It appears that there may be something to the Blazers using last year’s early elimination as fuel, for while Game One was a reasonably competitive affair, it’s successor was not, as the hosts absolutely put it on the Thunder in the Second Half of Tuesday Night’s 114-94 victory. Despite trailing 26-31 at the end of the First Quarter, and heading into Halftime squared away at 54-54, Portland caught fire in the third stanza, outscoring Oklahoma City 37-21 en route to a commanding 60-40 over the final 24:00. You’d never thought that this team was swept in the Regular Season by their counterpart, as they shot 46.7% from the field, including 13-of-32 from beyond the arc (40.6%), with their dynamic duo of Lillard and McCollum accounting for Sixty-Two Points on 22-of-43 shooting (51.2%), including a scorching 7-of-15 from downtown (46.7%), along with Eleven Assists. After posting Twenty Points and Eighteen Rebounds over the Weekend, Kanter came back down to Earth a considerable bit, struggling to deal with the visitors’ size in the Paint, winding up with just Six Points and Five Rebounds. During the First Half, he took a hard hit to his hand, suffering a bruise that in all likelihood limited his effectiveness throughout the remainder of the affair. However, the home side found production in other places, with Maurice Harkless (7.7 PTS, 48.7% FG, 27.5% 3FG, 4.5 REB, 1.2 AST, 1.1 STL, 0.9 BLK, 13.2 PER) stepping up and logging Fourteen Points and Nine Rebounds, while Seth Curry (7.9 PTS, 45.6% FG, 45.0% 3FG, 1.6 REB, 0.9 AST, 0.5 STL, 11.4 PER) came off the Bench to drill 3-of-4 from three (75.0%), totaling Nine Points in just over Eighteen Minutes of action. After losing Ten straight Postseason Contests, Stotts’ troops and coming into this Series as underdogs despite possessing Home Court Advantage, these past two wins mark the first time that they’ve done so to begin a Series since 2014.
Meanwhile, some would argue that the Basketball Gods have finally smiled upon the Thunder (49-33, 6th in Western Conference), who after limping through the final third of the Regular Season, managed to stop the bleeding before the final tolled, and wound up with a better Postseason Matchup than they could have imagined. You see, on the penultimate night of the Regular Season, Oklahoma City seemed fated to meet the surging Houston Rockets in the First Round of the Playoffs, which for a variety of reasons was anything ideal for Billy Donovan and his charges. However, in winning their final five outings, including that meeting with the Rockets, coupled with some other events happening, this team ended up punching a First Round date with the Portland Trail Blazers, who as we detailed earlier, were without their starting Center, Jusuf Nurkic, for the rest of the campaign, and were swept in four encounters by these Thunder. Talk about good fortune… After all, this was one of the few teams this season in which OKC dominated on the offensive end of the court, averaging 120.8 Points on 46.5% shooting from the field, including 39.3% from beyond the arc, while dishing out 20.8 Assists in comparison to committing just 11.8 Turnovers. Furthermore, Paul George (28.0 PTS, 43.8% FG, 38.6% 3FG, 8.2 REB, 4.1 AST, 2.2 STL, 0.4 BLK, 23.3 PER), who had spent the majority of the season in the MVP conversation, torched the Blazers in those four meetings, averaging a whopping 38.0 Points on 45.2% shooting from the floor, including 45.9% from downtown, along with 10.5 Rebounds, and 5.5 Assists, while former MVP, Russell Westbrook (22.9 PTS, 42.8% FG, 29.0% 3FG, 11.1 REB, 10.7 AST, 1.9 STL, 0.5 BLK, 21.1 PER), added 29.5 Points, 10.0 Rebounds, and 8.8 Assists to boot. With that said, ladies and gentlemen, there is a damn good reason why these games are decided on the court rather than on paper, for Donovan’s troops rarely enjoyed any of the advantages of the Regular Season in Game One’s 99-104 defeat at the Moda Center. First and foremost, they shot a miserable 39.8% from the field, including an abysmal 5-of-33 from downtown (15.2%), while struggling mightily to take care of the basketball throughout the affair, committing Sixteen Turnovers. George, who has suffered from the effects of a sore shooting shoulder since the All-Star Break totaled Twenty-Six Points, but was anything but efficient, netting just 8-of-24 attempts overall (33.3%), and 4-of-15 from long-range (26.7%). Westbrook, fresh off of averaging a Triple-Double for the THIRD straight season, posted another one (22 PTS, 10 REB, 10 AST), though limped through much of the Fourth Quarter after turning his right ankle. Steven Adams (13.9 PTS, 59.5% FG, 9.5 REB, 1.6 AST, 1.5 STL, 1.0 BLK, 18.5 PER) was a typical menace around the rim (9 REB, 6 Offensive), even chipping in with Seventeen Points, but was largely negated by the exploits of Nurkic.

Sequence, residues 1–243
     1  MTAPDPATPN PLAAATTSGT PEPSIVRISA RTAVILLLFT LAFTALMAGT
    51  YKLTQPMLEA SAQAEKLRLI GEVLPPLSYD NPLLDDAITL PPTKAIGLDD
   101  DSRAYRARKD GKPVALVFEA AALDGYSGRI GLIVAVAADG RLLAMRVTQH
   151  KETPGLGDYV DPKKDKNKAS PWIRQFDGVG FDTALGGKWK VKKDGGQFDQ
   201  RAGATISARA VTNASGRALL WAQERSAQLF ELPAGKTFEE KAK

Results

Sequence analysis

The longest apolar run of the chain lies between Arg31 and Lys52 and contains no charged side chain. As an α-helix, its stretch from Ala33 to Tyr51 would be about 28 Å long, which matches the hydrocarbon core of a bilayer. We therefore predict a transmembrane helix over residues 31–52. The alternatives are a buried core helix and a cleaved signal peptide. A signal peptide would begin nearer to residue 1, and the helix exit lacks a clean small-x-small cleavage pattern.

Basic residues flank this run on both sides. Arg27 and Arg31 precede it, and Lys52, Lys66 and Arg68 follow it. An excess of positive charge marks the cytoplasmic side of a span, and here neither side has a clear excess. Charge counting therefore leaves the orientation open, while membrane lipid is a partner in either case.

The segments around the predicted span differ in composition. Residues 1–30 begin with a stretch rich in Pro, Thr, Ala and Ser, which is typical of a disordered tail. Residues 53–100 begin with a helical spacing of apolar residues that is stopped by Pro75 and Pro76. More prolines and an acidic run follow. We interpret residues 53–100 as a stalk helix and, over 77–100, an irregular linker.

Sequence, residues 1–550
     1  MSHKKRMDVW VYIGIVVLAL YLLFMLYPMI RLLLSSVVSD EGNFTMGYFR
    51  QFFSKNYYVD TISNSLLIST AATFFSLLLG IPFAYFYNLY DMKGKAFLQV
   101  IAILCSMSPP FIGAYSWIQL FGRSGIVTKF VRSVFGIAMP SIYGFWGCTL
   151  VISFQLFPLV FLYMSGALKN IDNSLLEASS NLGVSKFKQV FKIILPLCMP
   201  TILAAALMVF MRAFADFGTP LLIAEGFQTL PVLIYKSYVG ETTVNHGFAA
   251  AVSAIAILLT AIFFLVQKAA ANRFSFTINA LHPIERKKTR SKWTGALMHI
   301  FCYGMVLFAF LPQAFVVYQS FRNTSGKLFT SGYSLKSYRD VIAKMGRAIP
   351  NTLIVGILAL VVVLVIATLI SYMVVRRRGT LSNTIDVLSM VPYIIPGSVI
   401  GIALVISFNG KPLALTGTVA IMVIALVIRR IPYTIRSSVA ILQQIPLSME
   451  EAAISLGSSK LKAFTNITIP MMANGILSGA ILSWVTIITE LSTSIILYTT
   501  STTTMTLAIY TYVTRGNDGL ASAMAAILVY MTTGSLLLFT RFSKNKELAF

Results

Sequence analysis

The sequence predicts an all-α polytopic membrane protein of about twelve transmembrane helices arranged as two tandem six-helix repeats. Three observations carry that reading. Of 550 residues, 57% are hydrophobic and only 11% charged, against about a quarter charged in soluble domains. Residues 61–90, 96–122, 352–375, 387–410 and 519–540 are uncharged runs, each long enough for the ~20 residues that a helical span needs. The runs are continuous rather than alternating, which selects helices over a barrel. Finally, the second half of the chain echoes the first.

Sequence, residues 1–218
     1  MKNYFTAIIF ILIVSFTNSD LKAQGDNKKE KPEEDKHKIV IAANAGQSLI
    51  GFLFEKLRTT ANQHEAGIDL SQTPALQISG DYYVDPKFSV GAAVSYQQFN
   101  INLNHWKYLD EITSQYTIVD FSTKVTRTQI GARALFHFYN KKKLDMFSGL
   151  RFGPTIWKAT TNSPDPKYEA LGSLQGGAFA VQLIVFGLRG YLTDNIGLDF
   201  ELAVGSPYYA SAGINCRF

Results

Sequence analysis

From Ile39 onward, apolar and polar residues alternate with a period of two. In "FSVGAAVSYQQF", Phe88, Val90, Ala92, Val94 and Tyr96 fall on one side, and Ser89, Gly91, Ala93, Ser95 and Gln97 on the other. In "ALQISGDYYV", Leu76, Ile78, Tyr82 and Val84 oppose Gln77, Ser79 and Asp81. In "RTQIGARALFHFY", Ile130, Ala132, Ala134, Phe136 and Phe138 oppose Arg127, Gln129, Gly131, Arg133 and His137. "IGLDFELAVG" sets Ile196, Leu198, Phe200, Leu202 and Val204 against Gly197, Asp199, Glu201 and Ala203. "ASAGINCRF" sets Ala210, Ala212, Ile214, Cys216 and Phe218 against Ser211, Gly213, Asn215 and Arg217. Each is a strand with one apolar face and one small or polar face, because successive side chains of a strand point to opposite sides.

As we stated earlier, you would never have known that the Thunder had swept the Blazers in their four meetings during the Regular Season based off of their performance in this Series thus far. Yes, the Playoffs are competed at a higher level than the Regular Season, and while we’re at it, these teams appear to be completely different than when they met throughout the previous six months. While they certainly had their opportunities to steal Game One on the road, Billy Donovan’s troops were only ever in control of this affair in the First Quarter, with Portland wrestling it from them throughout the second frame, before exploding in the Second Half of the 94-114 drubbing. Tuesday’s defeat marked Oklahoma City’s eleventh consecutive road loss in the Playoffs, which dates back to three years ago. So what the hell has changed for these guys, that they we went from holding their counterpart’s number, to getting punked twice in less than a week? Well, the biggest problem has been a persistent one for the Thunder, who have once again struggled to knock down open Three-Pointers; this should come as little of a surprise, for during the Season, this was NOT their strong suit, netting just 34.8% of their attempts from beyond the arc (22nd Overall), diminishing considerably during this Series to an anemic 16.4%. In Game Two alone the visitors were just 5-of-28 (17.9%), with the aforementioned George, who continues to play through a nagging sore shooting shoulder, connecting on only 6-of-22 attempts (27.3%). As a team thus far, they’ve been outscored in this regard decisively by a whopping Forty-Two Points, or in other words, a mere 22.0 Points per Game. Despite proving much more successful closer to the basket, George scored a team-high Twenty-Seven Points on 11-of-20 shooting (55.0%), while Westbrook nearly registered another Triple-Double (14 PTS, 9 REB, 11 AST), though struggled mightily from the field, shooting 5-of-20 overall (25.0%). Of other note, this affair was particularly physical with a grand total of Fifty-Four Personal Fouls called, with Twenty-Nine being whistled in the First Half alone. Clearly these teams don’t like one another…